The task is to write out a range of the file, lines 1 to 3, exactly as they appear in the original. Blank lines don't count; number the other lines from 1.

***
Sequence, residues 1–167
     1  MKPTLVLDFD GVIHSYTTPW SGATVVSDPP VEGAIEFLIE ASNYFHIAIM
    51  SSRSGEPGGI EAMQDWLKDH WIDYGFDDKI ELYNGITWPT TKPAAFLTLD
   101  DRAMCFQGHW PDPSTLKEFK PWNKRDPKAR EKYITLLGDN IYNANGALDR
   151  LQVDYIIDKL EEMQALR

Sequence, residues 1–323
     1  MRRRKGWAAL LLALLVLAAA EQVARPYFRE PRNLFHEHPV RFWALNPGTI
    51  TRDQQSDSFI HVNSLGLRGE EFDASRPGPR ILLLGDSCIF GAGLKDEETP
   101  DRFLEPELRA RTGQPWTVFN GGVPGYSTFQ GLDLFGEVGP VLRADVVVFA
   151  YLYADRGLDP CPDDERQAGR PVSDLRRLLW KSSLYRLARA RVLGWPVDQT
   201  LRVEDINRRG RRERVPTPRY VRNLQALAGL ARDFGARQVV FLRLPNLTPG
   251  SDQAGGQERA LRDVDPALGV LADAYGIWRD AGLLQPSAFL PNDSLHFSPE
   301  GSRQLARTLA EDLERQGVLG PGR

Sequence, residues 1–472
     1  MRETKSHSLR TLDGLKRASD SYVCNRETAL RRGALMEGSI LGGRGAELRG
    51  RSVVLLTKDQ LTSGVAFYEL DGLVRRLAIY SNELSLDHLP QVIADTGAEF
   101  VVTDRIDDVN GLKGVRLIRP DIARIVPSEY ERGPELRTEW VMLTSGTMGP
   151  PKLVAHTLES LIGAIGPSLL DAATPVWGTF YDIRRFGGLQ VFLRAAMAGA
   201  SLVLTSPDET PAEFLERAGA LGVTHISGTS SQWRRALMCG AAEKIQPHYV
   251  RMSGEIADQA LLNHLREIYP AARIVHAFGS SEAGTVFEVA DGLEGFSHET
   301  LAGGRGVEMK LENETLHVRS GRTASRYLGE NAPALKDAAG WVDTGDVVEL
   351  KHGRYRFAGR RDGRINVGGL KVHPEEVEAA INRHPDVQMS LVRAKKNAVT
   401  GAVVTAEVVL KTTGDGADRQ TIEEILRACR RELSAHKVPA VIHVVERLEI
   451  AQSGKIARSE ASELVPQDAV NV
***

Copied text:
Sequence, residues 1–167
     1  MKPTLVLDFD GVIHSYTTPW SGATVVSDPP VEGAIEFLIE ASNYFHIAIM
    51  SSRSGEPGGI EAMQDWLKDH WIDYGFDDKI ELYNGITWPT TKPAAFLTLD